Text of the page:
posted by phoebus at 3:54 PM on September 18, 2012 [1 favorite]


I live in the New York area and got my dress from Macy's (Demetrios). It was made of lovely fabric (lace and organza). I tried on a size 4, and ordered a size 22. This is the photo of the dress from their website, and this is a good photo of the dress from my wedding. Being clamped into the dress sucked, but I could tell it would look good.

I thought about trying to lose weight for the wedding (and did lose some) but I wanted a dress that would look good even if I did not, so I went for what looked good on me then.
posted by miscbuff at 4:23 PM on September 18, 2012


I didn't even bother with bridal gown shops. I got mine tailored - this is the front, this is the back. I got a good seamstress who wasn't a dick about weight and listened to my requests (had to have sleeves and I had to be able to wear a normal bra since the strapless ones in my size are terrible).

My sister did the same but got sick two weeks before the wedding and lost enough weight that the dress didn't fit correctly.

I highly recommend the tailoring, if only for the fact you can avoid all the strangers up in your business.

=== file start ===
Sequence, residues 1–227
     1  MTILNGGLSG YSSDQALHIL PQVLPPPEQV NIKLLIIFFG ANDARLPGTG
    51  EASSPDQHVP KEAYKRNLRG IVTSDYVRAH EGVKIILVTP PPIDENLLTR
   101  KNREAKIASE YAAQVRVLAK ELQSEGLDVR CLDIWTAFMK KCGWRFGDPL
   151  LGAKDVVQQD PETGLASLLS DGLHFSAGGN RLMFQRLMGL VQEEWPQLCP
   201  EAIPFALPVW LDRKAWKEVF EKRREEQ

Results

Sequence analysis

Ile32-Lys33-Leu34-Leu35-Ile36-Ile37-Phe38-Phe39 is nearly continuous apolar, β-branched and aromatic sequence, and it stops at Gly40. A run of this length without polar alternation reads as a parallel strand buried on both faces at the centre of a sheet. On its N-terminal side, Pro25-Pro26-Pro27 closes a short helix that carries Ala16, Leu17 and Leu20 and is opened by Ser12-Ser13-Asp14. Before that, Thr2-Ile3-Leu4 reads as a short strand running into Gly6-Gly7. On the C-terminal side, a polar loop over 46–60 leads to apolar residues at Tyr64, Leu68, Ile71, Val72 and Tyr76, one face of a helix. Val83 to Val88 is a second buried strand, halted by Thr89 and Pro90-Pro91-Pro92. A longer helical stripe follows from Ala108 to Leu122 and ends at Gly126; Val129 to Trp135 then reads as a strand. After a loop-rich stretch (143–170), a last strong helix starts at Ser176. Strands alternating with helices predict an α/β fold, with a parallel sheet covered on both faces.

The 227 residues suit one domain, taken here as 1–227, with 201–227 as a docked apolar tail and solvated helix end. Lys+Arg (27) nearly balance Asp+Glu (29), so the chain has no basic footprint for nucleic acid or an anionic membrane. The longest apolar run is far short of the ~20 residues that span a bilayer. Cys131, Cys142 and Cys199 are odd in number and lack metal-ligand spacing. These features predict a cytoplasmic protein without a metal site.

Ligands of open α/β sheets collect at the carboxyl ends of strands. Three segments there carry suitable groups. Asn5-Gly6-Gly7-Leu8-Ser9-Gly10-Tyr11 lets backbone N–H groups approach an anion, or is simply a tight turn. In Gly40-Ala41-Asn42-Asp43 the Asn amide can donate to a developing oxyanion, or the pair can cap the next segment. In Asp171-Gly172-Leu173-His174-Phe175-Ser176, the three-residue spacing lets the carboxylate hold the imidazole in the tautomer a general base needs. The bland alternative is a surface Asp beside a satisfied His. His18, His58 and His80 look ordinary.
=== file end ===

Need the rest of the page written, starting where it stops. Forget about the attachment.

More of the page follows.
(Also, that dress just sits in the cupboard now - it's a useless thing to spend money on really, so remember that before you drop a bundle).
posted by geek anachronism at 5:06 PM on September 18, 2012 [2 favorites]


By the way--bridal stores make even MORE money off you by ordering larger than what you need so they can sock you with an extra $200-300 in alterations.

Don't get your dress tailored at a bridal salon! Find a local tailor - they will do a better job, and will probably treat you like a human being. Also, bear in mind that basically everyone gets their wedding dress tailored to some extent. (Think of the short people!)
posted by ablazingsaddle at 5:08 PM on September 18, 2012


I have been married three times. The first time, I bought a traditional Cinderella style white wedding dress off the rack for $300. The second, I had one made for me, a gorgeous medieval style gown that is probably close to your size. The third time, I found a pastel pink suit at a resale shop for $2, again, in a larger than normal size. My blouse and shoes cost more, and I got some flowers for $20.

I would avoid bridal shops like the plague. Years ago, women chose a dress or suit that they could wear again. I love my medieval gown, but I am wondering where I am ever going to wear it again. Unless someone else wants it for their wedding, or I wear it for Halloween. It's nice to wear something lovely on your wedding day, but it's all about you and him saying your vows in front of people and then having a party afterward. I found my third wedding to be the most intimate, and the company excellent, my aunts and my husband's relatives, some Thai food, artfully catered. It was awesome. No pressure about a dress. Just a wedding.
posted by Marie Mon Dieu at 6:37 PM on September 18, 2012 [1 favorite]